The key here is of course that if you use "intrusive" solutions, that is, you store the links for a linked list inside each node, vs. having a separate node structure that holds a pointer/reference to some other location that holds the data itself, there will be some performance impact [and that can work in both directions - not necessarily that the intrusive solution is always best].
The TYPICAL case where people get it wrong is when they compare storing an allocated object in a container of some sort, and then comparing that to a solution that stores a copy of the object in the container. If that container is one that needs to "grow" by re-allocating, then it will cause performance problems. But that's just "wrong choice if thing to store" or "wrong kind of container for this type of object storage".
For most cases, the implementation of HOW you do something (e.g. is it a tree or a vector) is where you get the 100x improvement. The write something specific for this type of storage will give you 5-20% improvement, depending on how well the original code and how well the optimized code is written. Now, assuming it's not part of the inner details of your rendering loop in a game, or the sheduler or memory allocation code in the OS kernel, 5% is not worth having, and for the vast majority of code, 20% improvement is probably not much value either [for one part of the system functionality - if you are storing stuff in a container, hopefully you do more with it than just plain store it and work your way back and forth over the container content, right?]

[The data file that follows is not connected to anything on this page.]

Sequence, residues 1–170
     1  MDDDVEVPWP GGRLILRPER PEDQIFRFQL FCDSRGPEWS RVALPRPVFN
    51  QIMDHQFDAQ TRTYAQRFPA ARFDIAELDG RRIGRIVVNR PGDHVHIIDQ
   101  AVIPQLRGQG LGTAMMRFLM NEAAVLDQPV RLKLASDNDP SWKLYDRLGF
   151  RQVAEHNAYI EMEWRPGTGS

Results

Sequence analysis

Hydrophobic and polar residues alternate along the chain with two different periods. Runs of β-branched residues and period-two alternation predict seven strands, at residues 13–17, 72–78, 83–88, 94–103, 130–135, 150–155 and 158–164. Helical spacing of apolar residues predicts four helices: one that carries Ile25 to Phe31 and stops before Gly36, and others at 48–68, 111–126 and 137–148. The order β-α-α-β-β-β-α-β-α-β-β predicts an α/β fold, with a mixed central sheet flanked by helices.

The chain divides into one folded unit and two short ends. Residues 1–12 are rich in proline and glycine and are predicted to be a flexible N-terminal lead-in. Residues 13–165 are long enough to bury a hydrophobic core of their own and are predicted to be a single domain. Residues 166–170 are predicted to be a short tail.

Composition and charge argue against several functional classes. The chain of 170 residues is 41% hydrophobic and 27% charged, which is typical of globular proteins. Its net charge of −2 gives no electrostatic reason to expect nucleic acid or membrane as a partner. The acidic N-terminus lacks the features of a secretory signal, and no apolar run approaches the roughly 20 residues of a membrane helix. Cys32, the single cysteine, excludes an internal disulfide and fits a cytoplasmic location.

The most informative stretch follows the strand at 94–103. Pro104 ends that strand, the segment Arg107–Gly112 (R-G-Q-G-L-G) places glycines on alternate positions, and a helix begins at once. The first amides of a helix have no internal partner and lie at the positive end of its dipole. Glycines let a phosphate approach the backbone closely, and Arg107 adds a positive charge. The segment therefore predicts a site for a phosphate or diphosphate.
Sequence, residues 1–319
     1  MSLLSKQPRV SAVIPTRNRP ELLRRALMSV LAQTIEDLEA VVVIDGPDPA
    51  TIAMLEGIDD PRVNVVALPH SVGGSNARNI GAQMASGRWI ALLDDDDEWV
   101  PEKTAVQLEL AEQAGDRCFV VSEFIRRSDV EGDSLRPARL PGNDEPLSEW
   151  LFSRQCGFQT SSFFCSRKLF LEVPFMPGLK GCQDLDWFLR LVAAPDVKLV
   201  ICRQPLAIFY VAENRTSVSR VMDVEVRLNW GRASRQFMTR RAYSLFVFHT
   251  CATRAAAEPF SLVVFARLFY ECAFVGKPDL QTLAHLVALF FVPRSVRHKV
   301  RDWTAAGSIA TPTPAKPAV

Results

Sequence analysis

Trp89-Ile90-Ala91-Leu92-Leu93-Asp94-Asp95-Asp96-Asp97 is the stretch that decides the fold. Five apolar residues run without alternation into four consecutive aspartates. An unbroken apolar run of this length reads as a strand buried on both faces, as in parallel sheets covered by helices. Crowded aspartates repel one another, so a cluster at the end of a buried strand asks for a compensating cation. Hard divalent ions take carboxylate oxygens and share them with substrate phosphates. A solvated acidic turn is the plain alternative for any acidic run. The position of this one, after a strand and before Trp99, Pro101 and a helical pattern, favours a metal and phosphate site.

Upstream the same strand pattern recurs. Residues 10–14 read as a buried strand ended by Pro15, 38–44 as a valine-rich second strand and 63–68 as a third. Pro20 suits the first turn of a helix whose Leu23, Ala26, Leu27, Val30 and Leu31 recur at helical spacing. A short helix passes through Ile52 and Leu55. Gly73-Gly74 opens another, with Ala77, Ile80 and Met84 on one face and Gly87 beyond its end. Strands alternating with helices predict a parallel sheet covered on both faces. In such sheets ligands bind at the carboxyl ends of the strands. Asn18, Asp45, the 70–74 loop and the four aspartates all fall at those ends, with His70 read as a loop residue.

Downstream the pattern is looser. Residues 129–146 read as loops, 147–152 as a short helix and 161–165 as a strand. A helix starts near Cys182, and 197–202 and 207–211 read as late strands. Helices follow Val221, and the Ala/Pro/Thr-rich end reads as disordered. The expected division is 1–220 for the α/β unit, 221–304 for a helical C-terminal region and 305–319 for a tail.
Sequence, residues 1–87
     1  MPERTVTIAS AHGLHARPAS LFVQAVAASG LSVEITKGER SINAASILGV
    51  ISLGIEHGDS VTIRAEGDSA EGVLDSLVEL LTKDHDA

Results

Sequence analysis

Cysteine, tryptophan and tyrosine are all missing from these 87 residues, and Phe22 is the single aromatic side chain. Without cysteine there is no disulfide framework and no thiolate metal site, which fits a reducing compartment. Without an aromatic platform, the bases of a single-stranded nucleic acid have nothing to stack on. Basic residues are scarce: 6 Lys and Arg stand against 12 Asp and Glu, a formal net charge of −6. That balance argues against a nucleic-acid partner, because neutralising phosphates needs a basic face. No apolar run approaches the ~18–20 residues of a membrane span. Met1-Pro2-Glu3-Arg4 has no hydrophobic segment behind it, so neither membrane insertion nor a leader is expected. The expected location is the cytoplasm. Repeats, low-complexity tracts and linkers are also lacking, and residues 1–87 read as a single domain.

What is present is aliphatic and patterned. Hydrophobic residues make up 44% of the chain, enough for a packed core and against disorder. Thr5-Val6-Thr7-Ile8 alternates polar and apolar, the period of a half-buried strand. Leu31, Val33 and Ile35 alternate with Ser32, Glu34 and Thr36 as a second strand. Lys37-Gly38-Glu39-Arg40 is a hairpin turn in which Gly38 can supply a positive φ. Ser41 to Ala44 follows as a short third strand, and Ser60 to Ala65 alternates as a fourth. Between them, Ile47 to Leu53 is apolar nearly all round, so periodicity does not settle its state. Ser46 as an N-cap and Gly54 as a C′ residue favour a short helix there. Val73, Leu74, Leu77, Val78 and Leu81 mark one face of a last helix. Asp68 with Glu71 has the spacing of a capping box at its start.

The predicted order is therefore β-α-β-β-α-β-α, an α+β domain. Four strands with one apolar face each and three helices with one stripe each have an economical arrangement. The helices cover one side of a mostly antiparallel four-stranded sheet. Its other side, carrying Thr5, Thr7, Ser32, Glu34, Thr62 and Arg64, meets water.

Before spending any time optimizing code, there should be some decent analysis of where the code is spending the time. Then you can attack making it better. The first step in that is to look at "What is the behaviour of the algorithm here?" Are we spending O(2^n) on sorting something, when we could use a different method that is much faster? Are we spending time inserting/removing things from a large array, when a list, stack or queue would perhaps be a better choice? Are we writing small chunks of data to disk, when we could write a smaller number of large blocks?
These sort of questions will give you the 5, 10, 100x improvements that make REAL difference. Of course, shaving 5% of something is worth doing. Sometimes shaving 0.5% off is worth doing, if it's what makes your game run at 200fps instead of 100fps, because it is that half a percent that trips you over the frame switch rate. But in general, if it doesn't at least double the speed, you probably should spend the time elsewhere.